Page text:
Future Frogmen mission to continue through Save the Sound
On a Thursday night in July 2019, Save the Sound co-hosted a screening of Blue Heart, a documentary produced by the Patagonia company about the battle to protect Europe’s last wild rivers from hydropower dams and developers. At that event, Alex Krofta, our ecological restoration project manager, met Richard E. Hyman, a Connecticut educator/conservationist/businessman who had been mentoring local students about marine conservation—a lifelong passion for Richard, who grew up tooling around Long Island Sound in his Boston Whaler and who later went on to crew three voyages aboard Jacques Cousteau’s research vessel, Calypso.
A year after that initial meeting, Hyman hosted Alex and Gwen Macdonald, our then-restoration director, for a discussion about—what else?—dam removal as part of a video conversation series for his new initiative, Future Frogmen. The mission of Future Frogmen was and remains to inspire and empower a new generation of environmental leaders, and to empower high school and college students to generate public awareness about the ocean and deepen the connection between people and nature. Or, as expressed in a 2018 blog post explaining the origins of its cool and curious name: “We strive to make our mark, to carry on the good name, and to usher in an age of positive practices, informed thought, and unity for the good of humanity and the sea.”
Thanks to recent developments, that mission will continue through our engagement of Future Frogmen’s following and its archive of original environmental content, including videos, a blog, and the “Blue Earth” podcast. (Here’s the episode with Alex and Gwen.)
“I am pleased that my Future Frogmen efforts have found a new home with Save the Sound, an organization which shares our values and our sense of responsibility toward the health of Long Island Sound and the communities around it,” said Hyman, who over the years partnered with 54 high schools and colleges to introduce more than 200 student interns to environmental action.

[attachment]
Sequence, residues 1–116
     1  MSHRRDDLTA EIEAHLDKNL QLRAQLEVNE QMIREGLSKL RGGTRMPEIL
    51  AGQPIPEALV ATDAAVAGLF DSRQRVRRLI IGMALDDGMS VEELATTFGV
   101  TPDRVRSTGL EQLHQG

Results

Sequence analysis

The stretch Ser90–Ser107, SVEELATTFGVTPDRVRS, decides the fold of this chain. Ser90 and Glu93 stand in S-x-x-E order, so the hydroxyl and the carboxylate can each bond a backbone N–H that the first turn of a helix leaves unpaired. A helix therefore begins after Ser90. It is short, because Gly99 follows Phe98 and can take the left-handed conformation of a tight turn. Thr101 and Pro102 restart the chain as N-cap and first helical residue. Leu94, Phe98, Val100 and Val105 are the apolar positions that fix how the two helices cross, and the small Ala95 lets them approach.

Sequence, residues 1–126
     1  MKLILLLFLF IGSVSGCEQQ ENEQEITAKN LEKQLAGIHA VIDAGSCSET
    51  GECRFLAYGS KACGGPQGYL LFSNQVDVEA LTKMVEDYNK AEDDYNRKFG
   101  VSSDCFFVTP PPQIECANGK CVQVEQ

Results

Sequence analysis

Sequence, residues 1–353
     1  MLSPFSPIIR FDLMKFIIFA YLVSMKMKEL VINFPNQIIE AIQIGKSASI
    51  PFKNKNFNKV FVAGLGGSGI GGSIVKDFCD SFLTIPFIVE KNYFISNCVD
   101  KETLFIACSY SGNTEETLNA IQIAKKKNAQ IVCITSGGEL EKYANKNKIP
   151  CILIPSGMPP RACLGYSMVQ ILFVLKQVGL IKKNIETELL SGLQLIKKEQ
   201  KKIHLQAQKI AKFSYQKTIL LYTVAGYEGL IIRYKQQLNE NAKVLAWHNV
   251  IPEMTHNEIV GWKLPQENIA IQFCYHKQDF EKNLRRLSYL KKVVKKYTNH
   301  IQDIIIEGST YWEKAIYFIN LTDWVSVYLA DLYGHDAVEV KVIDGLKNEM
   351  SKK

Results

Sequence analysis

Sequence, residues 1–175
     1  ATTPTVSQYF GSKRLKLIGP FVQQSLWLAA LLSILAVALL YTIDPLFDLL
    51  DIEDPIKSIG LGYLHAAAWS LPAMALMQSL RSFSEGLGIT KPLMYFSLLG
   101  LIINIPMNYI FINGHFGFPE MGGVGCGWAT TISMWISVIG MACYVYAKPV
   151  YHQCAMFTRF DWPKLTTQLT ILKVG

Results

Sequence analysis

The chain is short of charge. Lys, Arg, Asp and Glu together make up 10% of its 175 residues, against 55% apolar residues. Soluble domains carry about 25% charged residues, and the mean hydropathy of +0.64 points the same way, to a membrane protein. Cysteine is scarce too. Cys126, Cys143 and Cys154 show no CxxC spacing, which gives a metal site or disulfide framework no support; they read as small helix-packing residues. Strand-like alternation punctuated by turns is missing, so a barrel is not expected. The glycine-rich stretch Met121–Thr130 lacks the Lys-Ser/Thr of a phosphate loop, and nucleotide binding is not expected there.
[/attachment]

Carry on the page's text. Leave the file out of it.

Save the Sound is excited to embrace the existing Future Frogmen network and welcome its 1,000-people-strong community to our ongoing projects, events, and action opportunities. And we will continue to make the Future Frogmen content catalogue available to the public.
We’ll also expand our own content creation efforts, building on Future Frogmen’s podcasting legacy by launching an original podcast series via a community partnership with Verso Studios at The Westport Library. Planning is underway for a six-episode season, which will explore various environmental issues challenging the Long Island Sound watershed. The season is expected to debut in mid-2023.
“We are thrilled to have added the legacy of Future Frogmen to our public engagement portfolio,” said Save the Sound president Leah Lopez Schmalz. “And we are excited to be working with Verso Studios at The Westport Library, creative partners who share our commitment to conservation, education, and involving young people in the ongoing work to protect, restore, and transform the Long Island Sound region. We hope these offering expansions provide newcomers opportunities to join our Save the Sound community.”
Our feedback: green solutions over gray obstructions
As far as acronyms go, it’s one of our favorites: NYNJHATS. As in, “ninja hats.” It stands for “New York-New Jersey Harbor and Tributaries,” the waterbodies at the core of a coastal storm risk management feasibility study released by the U.S. Army Corps of Engineers back in September.